Archive for the ‘ Librarianship ’ Category

New job!

I’ve gotten a bit behind in my posting lately because I started a new job this week!  I’m the new PR Specialist for a local library system.  It’s a lot to take in, but so far I’m really happy with the position, the people working there, and the library.  I’m still getting to know the library system, but I’m excited to jump in and start really working on ways to streamline some of the current procedures to make things easier for the branches and come up with new ideas for helping promote the library.

So, the new job (and adjusting to just working again in general) has me pretty busy right now, but I do have some posts planned for the near future.  I have a book review and a movie review planned to post in the next couple of days.  Over the next few weeks I have a few more reviews, a summer reads list, and some library features I’ll be posting.  I’ll probably start writing more about marketing, PR, and advocacy in the library field, too, as I do more research into the trends and ideas that will help me in my new position.

Literacy Isn’t Optional

A few weeks ago, I stumbled across this blog post on literacy privilege.   I’ve been thinking about it ever since.  The author states she is a recovering grammar snob and goes on the explain why she no longer gleefully corrects others’ mistakes.  Her reasons for refusing to continue to do so are  most definitely worth a read, but what I found the most shocking was something she included towards the end of her post:

I like to shock the new tutors I train by quoting statistics from the International Adult Literacy Survey. I ask them to estimate, in a developed country like Canada or the U.S., what percentage of the population has literacy skills below the very basic level needed to function well in our society. People usually guess ten percent, fifteen percent, maybe as much as twenty-five. Then I pull out the sad, stunning facts: nearly half of all North American adults cannot cope with complex written material of the sort that the other half of us take completely for granted. HALF, you guys. This should be considered a national crisis. Not fodder for sport.

The picture becomes even more dismal when you consider the other statistics from the survey.  Approximately one-fourth of U.S. adults performed at the very lowest level of literacy.  Only 59% of U.S. adults at the lowest two levels of literacy were employed.  This is compared to 77% at the mid level and 82% at the highest levels.  Other sources present more bleak findings.  55% of adults with below basic literacy did not graduate from high school.  60% of prison inmates and 85% of juvenile offenders have literacy issues. 75% of those on welfare are functionally illiterate.  The country’s literacy levels do not appear to be improving overall, either.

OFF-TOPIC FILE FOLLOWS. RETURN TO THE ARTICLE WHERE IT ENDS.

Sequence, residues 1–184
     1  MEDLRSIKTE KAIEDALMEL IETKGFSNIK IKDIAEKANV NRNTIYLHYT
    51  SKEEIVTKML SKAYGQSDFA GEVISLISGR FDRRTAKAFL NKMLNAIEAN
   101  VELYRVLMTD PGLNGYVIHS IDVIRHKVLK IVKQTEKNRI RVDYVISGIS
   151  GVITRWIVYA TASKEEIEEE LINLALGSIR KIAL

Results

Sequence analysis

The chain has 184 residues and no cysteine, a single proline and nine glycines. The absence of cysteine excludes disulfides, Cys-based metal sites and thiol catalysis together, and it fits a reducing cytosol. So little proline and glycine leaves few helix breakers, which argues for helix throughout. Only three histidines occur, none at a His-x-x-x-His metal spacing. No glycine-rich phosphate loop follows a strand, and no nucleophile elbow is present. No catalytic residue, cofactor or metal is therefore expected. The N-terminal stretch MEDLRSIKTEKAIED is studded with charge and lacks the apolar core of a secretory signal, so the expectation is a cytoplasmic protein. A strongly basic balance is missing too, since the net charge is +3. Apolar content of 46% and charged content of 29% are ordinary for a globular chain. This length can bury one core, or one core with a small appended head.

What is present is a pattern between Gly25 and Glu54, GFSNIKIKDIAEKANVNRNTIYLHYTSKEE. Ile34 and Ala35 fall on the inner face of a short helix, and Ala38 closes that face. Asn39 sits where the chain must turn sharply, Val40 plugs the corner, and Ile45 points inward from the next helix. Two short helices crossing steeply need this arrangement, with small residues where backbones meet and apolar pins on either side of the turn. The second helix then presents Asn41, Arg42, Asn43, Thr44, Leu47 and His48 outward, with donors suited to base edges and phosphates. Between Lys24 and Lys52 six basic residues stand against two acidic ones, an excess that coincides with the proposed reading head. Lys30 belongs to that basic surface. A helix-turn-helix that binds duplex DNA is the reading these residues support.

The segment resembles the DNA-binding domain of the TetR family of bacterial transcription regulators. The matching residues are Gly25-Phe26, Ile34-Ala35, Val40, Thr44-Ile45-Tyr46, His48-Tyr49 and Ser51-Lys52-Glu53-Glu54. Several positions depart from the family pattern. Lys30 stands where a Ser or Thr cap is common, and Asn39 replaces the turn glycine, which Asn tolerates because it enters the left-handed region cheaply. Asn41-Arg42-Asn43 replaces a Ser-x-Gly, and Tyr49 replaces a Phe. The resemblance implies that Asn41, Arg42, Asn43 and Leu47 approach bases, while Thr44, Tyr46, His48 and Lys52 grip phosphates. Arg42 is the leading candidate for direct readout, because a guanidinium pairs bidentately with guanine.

Literacy is also not being appropriately addressed in our schools.  Of the students who do graduate from high school, 25% have only received the equivalent to a 8th grade education.  Approximately 20% of high school graduates are functionally illiterate.   Whether this is an issue of demographics, educator assumption, methodology, or undetected learning disorders, a large number of students are falling through the cracks.

It is unthinkable that a country which claims the be the greatest in the world would accept this.  It breaks my heart and it makes me angry.

Literacy isn’t simply related to the ability to read a book.  Being literate is vitally important for an individual to maintain a successful and enjoyable life.

  • Literacy is directly related to employment and career successes. See the statistics above for evidence.
  • It is fundamental to educational success.  Almost all learning is predicated on it.
  • It’s related to criminal behavior.  Inmates have lower levels of literacy than the general population.
  • It is needed to fully understand and participate in society.  Illiterate adults risk social isolation.
  • It is necessary for survival.  So much of our existence is dependent on the ability to read and understand certain important  information.

Literacy impacts almost every facet of our lives.  So why are so many people still operating at the very basic or below basic levels?  And what can we do about it?

Aside from adopting new education policies that ensure all students are literate, the issue of those who already made it to adulthood needs to be more sufficiently addressed.  Despite many areas across the country implementing literacy initiatives, efforts tend to be spotty.  Though there are national literacy efforts, these don’t fare as well as is needed to curb the problem.  Without a sufficient nationally organized and funded program, it is difficult for literacy workers to reach all the vulnerable individuals.  Additionally, the ways in which literacy programs are advertised often are counterproductive.  If the programs are only advertised in print or at the library or school or in other areas unlikely to be accessed by those who need the services, they are not going to be aware of them.  Even if an individual learned of the program, the stigma attached to illiteracy prohibits many from seeking the help they need.  In certain areas of the country, language barriers can also make it difficult for individuals to access literacy programs.

So, what can libraries do to help?

The American Library Association has several resources and suggestions to help libraries address adult literacy issues.

  1. Ensure that adults with literacy issues are given equal access.  This can be accomplished by providing literacy classes, materials, and services to limit access issues.
  2. If your library doesn’t have a literacy plan, develop one.